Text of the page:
One of the country’s largest food distributors says grocery sales have doubled in Auckland under alert level 3 with a notable spike in mask purchases.
Items like toilet paper, flour, rice, sanitiser and canned meals are selling faster but there has also been a notable uptick in mask sales, according to Foodstuffs. (File image) Photo: RNZ / Claire Eastham-Farrelly
The usual suspects, like bread and toilet paper, are in high demand but those stocking the shelves insist there will be enough for everyone.
Chief executive of Foodstuffs North Island Chris Quin told Nine to Noon the less everyone panic buys, the easier supermarket shopping would be for everyone.
“There is just no need for people to panic and stock up. We got through a much more extended period last time and everyone got what they needed.
“The less we panic buy and stockpile and the more we just shop normally, the easier the experience is going to be for every New Zealander
Grocery sales had doubled throughout the North Island, even though it was just Auckland under level 3, Quin said.
“I guess what that means is people are perceiving or suspecting that whatever happens next won’t necessarily just be Auckland.
“I think we’re all guessing … our view is we don’t know so let’s just plan for what we know today.”
Quin said items like toilet paper, flour, rice, sanitiser and canned meals were selling faster but there had also been a notable uptick in mask sales.
“Probably the big difference this time would be I think the message on masks has cut through and there’s been quite a lot more demand for masks.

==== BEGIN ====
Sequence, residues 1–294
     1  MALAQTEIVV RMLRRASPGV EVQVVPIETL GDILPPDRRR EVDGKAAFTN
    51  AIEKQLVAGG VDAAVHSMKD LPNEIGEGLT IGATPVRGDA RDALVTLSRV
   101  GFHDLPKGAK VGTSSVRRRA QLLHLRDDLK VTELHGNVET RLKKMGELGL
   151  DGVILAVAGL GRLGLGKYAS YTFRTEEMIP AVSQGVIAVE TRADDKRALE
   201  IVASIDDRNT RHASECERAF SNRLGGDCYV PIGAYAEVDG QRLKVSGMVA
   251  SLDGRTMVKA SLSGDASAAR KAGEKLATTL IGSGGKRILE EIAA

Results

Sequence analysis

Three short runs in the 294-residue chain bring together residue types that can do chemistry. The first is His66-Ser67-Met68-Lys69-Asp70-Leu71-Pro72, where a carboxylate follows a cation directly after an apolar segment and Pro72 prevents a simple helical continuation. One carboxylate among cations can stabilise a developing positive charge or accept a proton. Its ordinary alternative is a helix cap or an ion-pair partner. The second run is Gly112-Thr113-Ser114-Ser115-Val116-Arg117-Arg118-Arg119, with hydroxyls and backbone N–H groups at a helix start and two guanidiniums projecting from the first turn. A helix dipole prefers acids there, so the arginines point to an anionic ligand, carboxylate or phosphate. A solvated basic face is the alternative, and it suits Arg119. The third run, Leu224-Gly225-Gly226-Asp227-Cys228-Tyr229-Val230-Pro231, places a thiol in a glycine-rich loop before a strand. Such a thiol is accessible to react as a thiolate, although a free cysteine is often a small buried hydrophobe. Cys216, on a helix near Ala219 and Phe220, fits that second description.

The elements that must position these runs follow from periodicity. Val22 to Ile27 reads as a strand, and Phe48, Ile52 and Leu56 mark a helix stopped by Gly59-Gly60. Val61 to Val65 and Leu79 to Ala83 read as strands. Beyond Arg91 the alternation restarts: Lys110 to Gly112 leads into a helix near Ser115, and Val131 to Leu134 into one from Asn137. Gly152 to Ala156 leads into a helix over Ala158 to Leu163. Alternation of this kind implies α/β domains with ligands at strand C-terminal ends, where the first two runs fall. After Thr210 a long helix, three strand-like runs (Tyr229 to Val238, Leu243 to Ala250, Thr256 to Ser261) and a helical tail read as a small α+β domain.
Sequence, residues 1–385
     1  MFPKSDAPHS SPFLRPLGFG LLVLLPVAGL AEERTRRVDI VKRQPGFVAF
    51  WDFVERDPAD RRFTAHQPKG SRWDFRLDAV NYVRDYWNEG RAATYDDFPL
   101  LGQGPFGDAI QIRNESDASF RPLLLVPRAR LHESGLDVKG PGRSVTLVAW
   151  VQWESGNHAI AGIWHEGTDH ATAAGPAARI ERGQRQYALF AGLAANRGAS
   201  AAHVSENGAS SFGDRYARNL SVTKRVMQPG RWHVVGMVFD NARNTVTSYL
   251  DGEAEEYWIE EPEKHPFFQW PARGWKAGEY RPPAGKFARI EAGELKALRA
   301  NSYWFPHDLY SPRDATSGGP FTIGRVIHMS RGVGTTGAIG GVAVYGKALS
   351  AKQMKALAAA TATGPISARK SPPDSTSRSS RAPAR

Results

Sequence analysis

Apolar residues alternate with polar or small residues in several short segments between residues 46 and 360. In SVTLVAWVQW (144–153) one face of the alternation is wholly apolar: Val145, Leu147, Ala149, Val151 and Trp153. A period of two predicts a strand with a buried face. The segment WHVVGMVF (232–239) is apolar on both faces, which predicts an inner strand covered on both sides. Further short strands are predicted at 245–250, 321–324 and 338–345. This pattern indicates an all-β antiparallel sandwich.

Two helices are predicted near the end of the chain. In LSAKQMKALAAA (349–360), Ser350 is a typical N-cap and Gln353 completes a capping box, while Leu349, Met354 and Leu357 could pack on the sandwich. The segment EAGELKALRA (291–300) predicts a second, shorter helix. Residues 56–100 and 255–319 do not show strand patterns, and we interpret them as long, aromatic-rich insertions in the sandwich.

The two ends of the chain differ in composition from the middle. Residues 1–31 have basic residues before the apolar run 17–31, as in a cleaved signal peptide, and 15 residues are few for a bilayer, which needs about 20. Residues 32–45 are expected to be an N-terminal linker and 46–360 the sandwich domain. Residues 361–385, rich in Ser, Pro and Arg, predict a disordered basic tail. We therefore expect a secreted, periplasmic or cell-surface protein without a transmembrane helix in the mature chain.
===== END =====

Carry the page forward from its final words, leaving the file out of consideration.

“We have millions in stock and what we’re focused on right now is just getting a lot more of them out to stores ready to go as opposed to being held in our supply chain.”
Customers ‘yelling’ at supermarket staff
First Union spokesperson Tali Williams said the most common story was workers being verbally abused by customers.
“People are yelling at them, saying ‘get a move on’ and ‘get me this’ and that kind of thing. Obviously from a supermarket worker’s perspective, they’re not to blame.
“They haven’t created this situation and they certainly don’t control the response to it. They are on the front line and doing the work many of us would not want to be doing right now.”
She said it was important supermarkets had adequate security measures in place to deal with abusive customers.
“It is really important to workers that they see those security guards there and feel protected at this time. It’s also really important there are sufficient staffing levels to deal with the influx of customers coming in.”
Williams said the union would also like supermarket workers to be paid a 10 percent bonus during alert level 3, just as they were during level 4.